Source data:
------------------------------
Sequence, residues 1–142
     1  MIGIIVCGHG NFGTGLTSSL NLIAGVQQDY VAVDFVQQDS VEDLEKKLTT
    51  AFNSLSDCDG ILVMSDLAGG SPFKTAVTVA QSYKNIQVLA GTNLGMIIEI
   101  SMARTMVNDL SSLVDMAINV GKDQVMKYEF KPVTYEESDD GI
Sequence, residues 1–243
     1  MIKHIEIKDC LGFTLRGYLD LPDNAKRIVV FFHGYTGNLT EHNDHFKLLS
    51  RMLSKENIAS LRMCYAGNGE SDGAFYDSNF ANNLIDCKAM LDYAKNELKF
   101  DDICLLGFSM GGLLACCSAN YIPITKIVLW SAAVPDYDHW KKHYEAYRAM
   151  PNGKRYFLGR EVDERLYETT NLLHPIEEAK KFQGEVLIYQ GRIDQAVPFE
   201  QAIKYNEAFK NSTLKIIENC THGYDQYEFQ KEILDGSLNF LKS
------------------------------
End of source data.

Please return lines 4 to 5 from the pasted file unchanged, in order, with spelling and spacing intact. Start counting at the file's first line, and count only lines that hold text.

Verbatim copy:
   101  SMARTMVNDL SSLVDMAINV GKDQVMKYEF KPVTYEESDD GI
Sequence, residues 1–243